I recently finished reading the book “Searching for Sunday” by Rachel Held Evans. It was my first devotional book of 2019. I read her book, “A Year of Biblical Womanhood” in 2013 and enjoyed her humorous attempt to live a Biblical lifestyle. As good as that book was, “Searching for Sunday” was even better.
Rachel Held Evans grew up in an evangelical household in Dayton, Tennessee. She went, as was expected, to a Bible college. But something happened to her faith along the way and the questions she had became bigger than the answers the church was willing to let her ask. She and her husband left the church that had nurtured her. They searched for a church where Christ could be worshiped in a free and loving atmosphere. While she was doing this she started writing a blog, voicing the questions she had about the evangelical expression of faith.
Rachel soon found that she was not alone in her doubts and questions. Her blog struck a chord with many people. She started speaking to church groups about why Millennials are leaving the church in their search for authentic faith. Even though others see Rachel as having all the answers, she does not.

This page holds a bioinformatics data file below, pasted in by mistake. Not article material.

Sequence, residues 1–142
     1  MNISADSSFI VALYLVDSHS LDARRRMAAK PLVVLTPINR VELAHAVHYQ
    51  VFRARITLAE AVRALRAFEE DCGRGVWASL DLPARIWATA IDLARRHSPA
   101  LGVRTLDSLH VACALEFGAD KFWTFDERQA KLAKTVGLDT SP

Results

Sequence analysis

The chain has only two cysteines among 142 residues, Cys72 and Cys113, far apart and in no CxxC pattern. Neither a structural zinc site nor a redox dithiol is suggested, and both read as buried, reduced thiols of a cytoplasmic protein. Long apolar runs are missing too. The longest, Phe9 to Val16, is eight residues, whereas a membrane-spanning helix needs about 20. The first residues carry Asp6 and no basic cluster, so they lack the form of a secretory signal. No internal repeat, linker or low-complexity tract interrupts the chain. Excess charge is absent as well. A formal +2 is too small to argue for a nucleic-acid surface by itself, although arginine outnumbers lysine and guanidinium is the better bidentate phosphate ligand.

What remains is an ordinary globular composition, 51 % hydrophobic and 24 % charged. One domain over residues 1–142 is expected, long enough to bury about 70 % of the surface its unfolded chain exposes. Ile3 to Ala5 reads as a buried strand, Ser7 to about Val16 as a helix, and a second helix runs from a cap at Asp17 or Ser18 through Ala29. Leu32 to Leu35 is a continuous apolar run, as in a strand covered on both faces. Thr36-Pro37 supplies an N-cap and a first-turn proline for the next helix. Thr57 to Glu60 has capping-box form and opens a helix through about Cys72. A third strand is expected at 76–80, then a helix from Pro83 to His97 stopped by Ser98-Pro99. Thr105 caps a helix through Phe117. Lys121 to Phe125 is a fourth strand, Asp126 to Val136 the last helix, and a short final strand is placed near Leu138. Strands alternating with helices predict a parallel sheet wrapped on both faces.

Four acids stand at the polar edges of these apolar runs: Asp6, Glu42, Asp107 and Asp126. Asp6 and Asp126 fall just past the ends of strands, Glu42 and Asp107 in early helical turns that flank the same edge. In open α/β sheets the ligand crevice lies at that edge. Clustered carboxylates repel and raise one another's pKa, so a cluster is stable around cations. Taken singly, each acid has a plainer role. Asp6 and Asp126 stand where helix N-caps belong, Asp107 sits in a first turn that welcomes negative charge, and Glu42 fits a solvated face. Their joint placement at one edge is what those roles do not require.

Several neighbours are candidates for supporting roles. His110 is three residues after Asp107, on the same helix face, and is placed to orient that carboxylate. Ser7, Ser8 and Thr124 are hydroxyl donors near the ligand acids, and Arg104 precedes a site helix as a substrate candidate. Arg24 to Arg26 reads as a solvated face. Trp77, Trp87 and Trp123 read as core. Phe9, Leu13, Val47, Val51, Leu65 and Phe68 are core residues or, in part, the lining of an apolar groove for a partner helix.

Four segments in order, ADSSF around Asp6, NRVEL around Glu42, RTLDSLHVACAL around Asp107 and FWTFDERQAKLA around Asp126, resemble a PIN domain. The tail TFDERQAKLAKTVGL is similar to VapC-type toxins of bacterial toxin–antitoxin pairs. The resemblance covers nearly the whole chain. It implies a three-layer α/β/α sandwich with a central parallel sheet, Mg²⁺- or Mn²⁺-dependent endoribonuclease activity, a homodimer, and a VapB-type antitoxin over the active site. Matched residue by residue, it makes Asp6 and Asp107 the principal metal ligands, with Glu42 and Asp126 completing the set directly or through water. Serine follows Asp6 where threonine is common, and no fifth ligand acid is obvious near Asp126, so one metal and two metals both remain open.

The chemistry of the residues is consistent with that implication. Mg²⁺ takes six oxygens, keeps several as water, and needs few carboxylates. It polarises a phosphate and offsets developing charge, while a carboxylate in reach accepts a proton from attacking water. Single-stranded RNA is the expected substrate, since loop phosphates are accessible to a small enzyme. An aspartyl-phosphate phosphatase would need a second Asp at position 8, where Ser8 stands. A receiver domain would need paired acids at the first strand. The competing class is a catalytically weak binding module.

“Searching for Sunday” details Rachel’s search for a church where she can practice an authentic, searching kind of faith. She writes about her background, her blog, and a new church start that lasted less than a year. Rachel describes the problem with a lot of churches when she writes, “There are always folks who fancy themselves bouncers to the heavenly banquet, charged with keeping the wrong people away from the table and out of the church.” She has visited just about every flavor of Christianity at this point, and talks about the moments that speak to her from many different traditions.
Rachel structures “Searching for Sunday” according to the sacraments of the Roman Catholic Church: baptism, confession, holy orders, communion, confirmation, anointing the sick, and marriage. Each section of the book details moments, places and people that reveal these sacraments to her. It was easy to read a chapter at a time as part of my morning devotionals, but I enjoyed the book so much that I couldn’t stop with one chapter. In searching for a faith big enough to let her ask questions, Rachel and others like her “want to bring our whole selves through the church doors, without leaving our hearts and minds behind, without wearing a mask.”
I found “Searching for Sunday” easy to read but with a depth that questions if we, as the church, can ever make room for all the people who are searching. Rachel writes, “Church is a moment in time when the kingdom of God draws near.” If we can do that in the church – help people draw near to the kingdom of God – perhaps that is enough.